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Core Roasters Coffee: handpicked, considered coffee, roasted in small batches in Melbourne. Inspired by people, flavour, 1920s Japanese woodblock prints and graphic poster design.
Sipi Falls | Uganda
  • Sipi Falls | Uganda
  • Sipi Falls | Uganda
  • Sipi Falls | Uganda

Sipi Falls | Uganda


Meet SIPI FALLS, a mix of natural typica, SL14, SL28 and bugishu varieties, grown at 1500-2000masl from various smallholder producers in Eastern Mbale, Uganda.


Expect to taste: mango, tropical fruit cup, lemonade, milk chocolate, nashi, paw paw & yuzu


    TL;DR: Stars, planets, varieties, terroir, and of course extraordinary people all aligned to bring you this stunning basket of tropical fruit… no wait, coffee, it’s definitely coffee. Oh, and it's organic too!


    Bordering Kenya, and named after the mountain’s famous waterfall nearby, Sipi Falls is a wet mill in the Kapchorwa District of Uganda, and home to some of the best organic coffee in Africa. Elevation, the enormous expanse of the mountain (Mount Elgon) where the farms are located, and a long history of agricultural experience, all lend to ideal growing and milling conditions for the coffee.


    In 2002, the wet mill at Sipi Falls became Africa’s first certified organic producer, and even developed a system to recycle its wastewater through a series of filtered lagoons that then help to maintain a large organic nursery to benefit local farmers. Processing coffee cherries from 8,000 local organic farms across the northern part of the mountain, the mill facilitates retrieval of the cherries, and centralised mechanical de-mucilaging, fermentation, washing, patio pre-drying, mechanical drying and conditioning at their mill property at an elevation of 1800m. The on-site cupping lab allows the export company to taste every batch immediately after the drying is completed, and then again a few weeks later to guarantee the quality for export. The quality of the processing shines through the flavours expressed, and also by centralising and scaling the processing productions, results in a higher cherry price for farmers. The end result is a coffee that shows clean expression of the surrounding terrain, with an incredible richness, floral qualities and overall sweetness.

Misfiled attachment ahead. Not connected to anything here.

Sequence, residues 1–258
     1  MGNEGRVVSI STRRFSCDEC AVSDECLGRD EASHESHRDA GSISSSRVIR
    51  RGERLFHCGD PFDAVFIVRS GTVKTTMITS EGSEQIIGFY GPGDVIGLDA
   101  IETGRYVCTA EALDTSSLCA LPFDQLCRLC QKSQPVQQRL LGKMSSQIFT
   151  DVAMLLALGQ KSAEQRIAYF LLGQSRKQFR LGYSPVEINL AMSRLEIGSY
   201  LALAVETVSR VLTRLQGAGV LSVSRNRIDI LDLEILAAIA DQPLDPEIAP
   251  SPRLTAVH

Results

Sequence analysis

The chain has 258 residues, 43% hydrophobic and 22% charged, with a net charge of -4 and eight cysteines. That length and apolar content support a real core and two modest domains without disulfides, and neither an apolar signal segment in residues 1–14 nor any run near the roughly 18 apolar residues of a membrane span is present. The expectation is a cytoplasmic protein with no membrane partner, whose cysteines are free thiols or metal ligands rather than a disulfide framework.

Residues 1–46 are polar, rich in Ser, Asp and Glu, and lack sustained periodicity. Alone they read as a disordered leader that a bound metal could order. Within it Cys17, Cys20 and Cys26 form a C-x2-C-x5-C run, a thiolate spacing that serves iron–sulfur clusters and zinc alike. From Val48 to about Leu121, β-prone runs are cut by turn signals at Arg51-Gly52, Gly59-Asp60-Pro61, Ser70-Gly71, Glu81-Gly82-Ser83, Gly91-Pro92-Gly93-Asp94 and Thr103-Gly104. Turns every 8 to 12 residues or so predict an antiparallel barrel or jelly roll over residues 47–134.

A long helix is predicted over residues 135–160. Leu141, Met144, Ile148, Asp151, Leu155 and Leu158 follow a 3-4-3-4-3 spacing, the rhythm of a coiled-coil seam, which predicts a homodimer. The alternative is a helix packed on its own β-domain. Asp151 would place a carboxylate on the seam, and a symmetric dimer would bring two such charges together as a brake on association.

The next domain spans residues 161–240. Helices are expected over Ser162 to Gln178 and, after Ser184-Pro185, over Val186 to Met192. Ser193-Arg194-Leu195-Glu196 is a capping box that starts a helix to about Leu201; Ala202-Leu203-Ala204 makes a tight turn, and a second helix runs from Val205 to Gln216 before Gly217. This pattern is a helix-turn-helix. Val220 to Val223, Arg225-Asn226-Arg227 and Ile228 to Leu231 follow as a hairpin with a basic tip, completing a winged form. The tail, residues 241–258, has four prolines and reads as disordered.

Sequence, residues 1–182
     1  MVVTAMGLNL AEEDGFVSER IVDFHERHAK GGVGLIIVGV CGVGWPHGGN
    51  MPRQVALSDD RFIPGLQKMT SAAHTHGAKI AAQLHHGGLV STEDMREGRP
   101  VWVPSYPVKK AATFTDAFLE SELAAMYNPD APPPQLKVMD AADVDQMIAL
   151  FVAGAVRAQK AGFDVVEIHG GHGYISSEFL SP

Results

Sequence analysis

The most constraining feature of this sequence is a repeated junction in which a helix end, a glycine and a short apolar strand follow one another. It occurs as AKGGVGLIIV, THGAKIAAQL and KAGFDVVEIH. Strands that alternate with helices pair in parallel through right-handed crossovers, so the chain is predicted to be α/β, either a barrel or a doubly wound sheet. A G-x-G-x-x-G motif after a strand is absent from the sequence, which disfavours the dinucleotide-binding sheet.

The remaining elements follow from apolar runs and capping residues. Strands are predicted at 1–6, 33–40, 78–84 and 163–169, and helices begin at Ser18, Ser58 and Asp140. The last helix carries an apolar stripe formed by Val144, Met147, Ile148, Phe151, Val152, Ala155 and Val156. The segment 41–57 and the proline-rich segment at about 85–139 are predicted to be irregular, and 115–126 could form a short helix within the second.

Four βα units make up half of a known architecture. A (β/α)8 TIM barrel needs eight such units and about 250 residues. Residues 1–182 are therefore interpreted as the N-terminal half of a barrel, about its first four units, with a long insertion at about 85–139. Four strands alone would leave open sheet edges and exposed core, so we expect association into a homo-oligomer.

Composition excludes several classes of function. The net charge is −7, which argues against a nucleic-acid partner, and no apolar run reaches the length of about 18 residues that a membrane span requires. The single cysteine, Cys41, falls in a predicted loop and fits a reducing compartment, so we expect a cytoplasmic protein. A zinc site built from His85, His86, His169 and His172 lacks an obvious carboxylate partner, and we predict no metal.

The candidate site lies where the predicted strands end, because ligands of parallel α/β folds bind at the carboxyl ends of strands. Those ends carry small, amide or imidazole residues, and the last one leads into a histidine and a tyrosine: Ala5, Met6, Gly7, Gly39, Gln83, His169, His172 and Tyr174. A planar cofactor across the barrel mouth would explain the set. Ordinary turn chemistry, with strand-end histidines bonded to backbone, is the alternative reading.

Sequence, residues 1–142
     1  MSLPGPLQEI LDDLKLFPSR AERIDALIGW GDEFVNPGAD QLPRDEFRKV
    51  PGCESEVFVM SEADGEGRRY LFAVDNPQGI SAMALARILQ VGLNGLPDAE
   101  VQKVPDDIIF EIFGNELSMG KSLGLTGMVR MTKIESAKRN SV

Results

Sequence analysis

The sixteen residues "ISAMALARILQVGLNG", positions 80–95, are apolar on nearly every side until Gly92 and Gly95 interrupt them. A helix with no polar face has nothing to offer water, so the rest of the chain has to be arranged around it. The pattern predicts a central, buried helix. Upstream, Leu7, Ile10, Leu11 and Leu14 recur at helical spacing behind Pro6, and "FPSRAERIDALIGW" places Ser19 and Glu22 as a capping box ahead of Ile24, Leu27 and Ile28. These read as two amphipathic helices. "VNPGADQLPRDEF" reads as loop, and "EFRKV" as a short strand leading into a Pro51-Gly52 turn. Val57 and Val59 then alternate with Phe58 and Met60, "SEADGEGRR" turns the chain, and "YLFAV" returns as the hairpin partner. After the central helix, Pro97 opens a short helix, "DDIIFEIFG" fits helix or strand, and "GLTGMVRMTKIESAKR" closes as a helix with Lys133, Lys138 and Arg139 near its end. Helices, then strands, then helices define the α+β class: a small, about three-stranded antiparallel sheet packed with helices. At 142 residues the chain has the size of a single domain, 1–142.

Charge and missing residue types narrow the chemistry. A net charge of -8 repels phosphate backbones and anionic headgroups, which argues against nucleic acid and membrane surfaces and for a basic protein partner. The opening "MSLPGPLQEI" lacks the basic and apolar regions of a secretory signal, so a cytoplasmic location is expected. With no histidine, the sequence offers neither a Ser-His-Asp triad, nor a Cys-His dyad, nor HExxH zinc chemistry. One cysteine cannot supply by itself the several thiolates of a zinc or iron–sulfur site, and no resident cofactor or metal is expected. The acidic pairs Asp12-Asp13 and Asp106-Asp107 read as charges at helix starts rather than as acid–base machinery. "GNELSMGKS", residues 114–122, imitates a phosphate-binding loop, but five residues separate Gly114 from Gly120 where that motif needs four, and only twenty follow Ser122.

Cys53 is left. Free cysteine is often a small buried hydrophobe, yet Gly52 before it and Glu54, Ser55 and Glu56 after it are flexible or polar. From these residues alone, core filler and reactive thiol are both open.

Our approach to roasting this coffee was to keep it nice and quick to highlight some of that famous fruit and acid from the SL14 and SL28 varieties (looking at you Kenya). After nailing that, we then made sure to keep our finishing temperature low to not spoil any of the natural sweetness that this coffee has so much of.


    We prefer our filter brews from a v60, but we won’t judge for use of anything at all to make yourself a coffee - even a (clean) sock.


    Our recommended ratio when brewing filter coffee is 60g of coffee per litre of water. Simply scale this down, or up, for your desired size of brew.


    With all methods, you’ll want: a grind size similar to granulated sugar, boiling water, and about 3 minutes of brewing time. This goes for v60, aeropress, plunger, and the (still hopefully clean) sock.


    Our favourite recipe for v60:

    • 20g of medium to coarsely ground coffee, it’ll feel a little like granulated sugar.
    • Set your kettle to boil, and ready your socks to be rocked.
    • We use a 60g bloom, with a swirl of the slurry to make sure it’s all wet. You can stir of that’s easier, just don’t rip the paper!
    • After that, when your timer is at 45 seconds, add more water to a total of 200g, and swirl gently.
    • Then finally at 1:15 on your timer, add the rest of your water, to 330g, and do one last little swirl.
    • Wait till it drains through, roughly 3:30 is a good time, pour into your favourite mug, and let those socks be rocked.


    If you’d like more info or tips, get in touch!